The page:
Sampling is a term that you will see everywhere in regard to computer imaging. Sampling is a technique used to examine a particular element within a dataset (scene) at a given time. You can think of sampling as a large buffet table. At the buffet, you are free to take whatever you wish, whenever you want (just don’t forget to pay.) In a similar fashion, a render engine can look at the buffet of your scene, and take samples to determine the appearance of the final rendered image or animation. And, you get to tell the render engine what kind of samples you want to use, when you want to use them, and how many samples and under what conditions you wish to make. Sampling is your friend. Get to know how it works, and you will be able to make great renderings in the shortest amount of time, every time. That’s the good news.
The bad news is that you need to learn this stuff, and it can seem like a jargon-fest or aplhabet soup at times. Just take it slow and easy, and you’ll get the hang of it. It happens to all of us.
Sampling is a necessary evil in anything digital. You may be familiar with music quality sampling, such as 44Khz, or 128 bit, etc. The old analog recording methods, such as magnetic tape and film, can lay down a continuous waveform of sound and light. The fidelity of those original recordings are limited by the quality of the equipment used, the abilities of the person making the recording, and the constraints of the magnetic tape or film recording media. There were always thresholds associated with those methods, but they tended to be more natural than digital (or perhaps that was just our perception, since those methods have been with us for over 100 years now.)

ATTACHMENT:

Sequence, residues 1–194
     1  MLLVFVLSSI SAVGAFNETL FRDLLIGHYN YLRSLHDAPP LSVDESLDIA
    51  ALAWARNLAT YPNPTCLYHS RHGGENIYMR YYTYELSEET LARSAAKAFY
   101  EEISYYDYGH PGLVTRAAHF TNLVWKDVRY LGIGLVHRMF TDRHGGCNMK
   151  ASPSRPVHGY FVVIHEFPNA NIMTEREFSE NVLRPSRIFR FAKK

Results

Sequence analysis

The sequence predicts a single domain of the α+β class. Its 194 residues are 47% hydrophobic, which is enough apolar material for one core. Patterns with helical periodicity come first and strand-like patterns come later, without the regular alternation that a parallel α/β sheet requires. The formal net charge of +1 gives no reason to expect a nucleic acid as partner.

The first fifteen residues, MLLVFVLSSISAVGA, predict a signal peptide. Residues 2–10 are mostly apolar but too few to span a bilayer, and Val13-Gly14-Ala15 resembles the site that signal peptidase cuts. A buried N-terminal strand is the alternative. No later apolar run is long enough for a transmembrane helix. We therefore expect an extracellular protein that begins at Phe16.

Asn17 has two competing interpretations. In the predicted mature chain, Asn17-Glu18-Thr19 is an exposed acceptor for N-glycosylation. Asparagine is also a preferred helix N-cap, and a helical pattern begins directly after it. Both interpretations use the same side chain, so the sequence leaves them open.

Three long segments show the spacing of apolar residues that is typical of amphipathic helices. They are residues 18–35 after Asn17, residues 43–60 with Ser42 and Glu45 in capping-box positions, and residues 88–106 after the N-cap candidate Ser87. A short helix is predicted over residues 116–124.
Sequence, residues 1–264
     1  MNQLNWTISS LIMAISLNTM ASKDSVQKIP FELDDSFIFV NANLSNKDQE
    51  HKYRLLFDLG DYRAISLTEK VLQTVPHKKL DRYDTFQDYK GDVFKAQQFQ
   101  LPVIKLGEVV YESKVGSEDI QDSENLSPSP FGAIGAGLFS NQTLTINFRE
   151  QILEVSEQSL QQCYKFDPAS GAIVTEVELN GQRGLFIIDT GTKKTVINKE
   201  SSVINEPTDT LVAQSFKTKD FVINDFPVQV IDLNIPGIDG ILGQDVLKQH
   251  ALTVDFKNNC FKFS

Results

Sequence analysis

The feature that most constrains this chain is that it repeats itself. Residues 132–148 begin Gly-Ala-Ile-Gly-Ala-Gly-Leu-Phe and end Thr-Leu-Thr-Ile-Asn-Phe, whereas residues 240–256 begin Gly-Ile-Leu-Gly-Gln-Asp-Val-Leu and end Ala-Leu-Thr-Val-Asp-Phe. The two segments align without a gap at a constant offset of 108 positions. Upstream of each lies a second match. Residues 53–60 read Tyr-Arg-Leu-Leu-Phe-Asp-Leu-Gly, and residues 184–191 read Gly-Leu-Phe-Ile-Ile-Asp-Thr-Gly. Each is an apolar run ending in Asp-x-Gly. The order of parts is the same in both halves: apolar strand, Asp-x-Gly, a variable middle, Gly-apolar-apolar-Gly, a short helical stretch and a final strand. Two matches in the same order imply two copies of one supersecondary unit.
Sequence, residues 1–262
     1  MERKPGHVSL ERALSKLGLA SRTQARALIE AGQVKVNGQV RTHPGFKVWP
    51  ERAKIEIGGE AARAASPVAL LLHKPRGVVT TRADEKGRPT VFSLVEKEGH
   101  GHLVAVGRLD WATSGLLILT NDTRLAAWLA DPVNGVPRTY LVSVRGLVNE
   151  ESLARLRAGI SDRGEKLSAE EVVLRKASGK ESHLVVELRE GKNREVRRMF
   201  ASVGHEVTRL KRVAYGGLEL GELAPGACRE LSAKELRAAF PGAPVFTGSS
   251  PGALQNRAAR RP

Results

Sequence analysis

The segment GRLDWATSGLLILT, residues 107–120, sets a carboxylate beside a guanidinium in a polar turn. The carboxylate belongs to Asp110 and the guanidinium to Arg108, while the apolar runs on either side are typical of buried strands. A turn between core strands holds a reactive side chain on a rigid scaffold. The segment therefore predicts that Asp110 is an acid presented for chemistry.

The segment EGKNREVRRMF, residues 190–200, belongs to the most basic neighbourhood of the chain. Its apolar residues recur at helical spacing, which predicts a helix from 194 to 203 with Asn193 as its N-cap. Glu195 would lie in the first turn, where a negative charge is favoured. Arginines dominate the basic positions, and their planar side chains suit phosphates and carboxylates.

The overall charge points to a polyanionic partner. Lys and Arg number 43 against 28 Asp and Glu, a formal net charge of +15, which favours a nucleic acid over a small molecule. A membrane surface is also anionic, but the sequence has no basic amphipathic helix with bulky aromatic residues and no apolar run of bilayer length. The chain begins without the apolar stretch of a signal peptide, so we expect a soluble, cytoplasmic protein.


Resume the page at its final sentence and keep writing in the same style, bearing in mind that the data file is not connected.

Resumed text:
Digital sampling can be done in a continuous manner like analogue. Instead, it must be sampled in many little slices of discrete bits, strung together and then played back or viewed as one cohesive event. If you were to draw an analogue wave, you would see a nice clean curve. If you were to plot the digitial version of the same wave, you would see something that looks like a bar graph. In fact, that’s what it is. Now imagine the bar graph conforming to the curve, with both drawn within the same image. You would see gaps missing from the bar graph as it nears the edge of the curve. In the case of a lower quality recording with fewer samples, those gaps would be huge, and the results would be very apparent to anyone with eyes or ears. You can improve that by adding more samples (bars), but you will always have those gaps. At some point, you will reach an acceptable threshold.
Once that threshold has been achieved, you can cheat and add some additional filtering, which will give you either a better recording of the event, or it will “interpolate” the existing data to help refine the event into a better result.
At the end of the day, you determine the results by your own experience and judgement.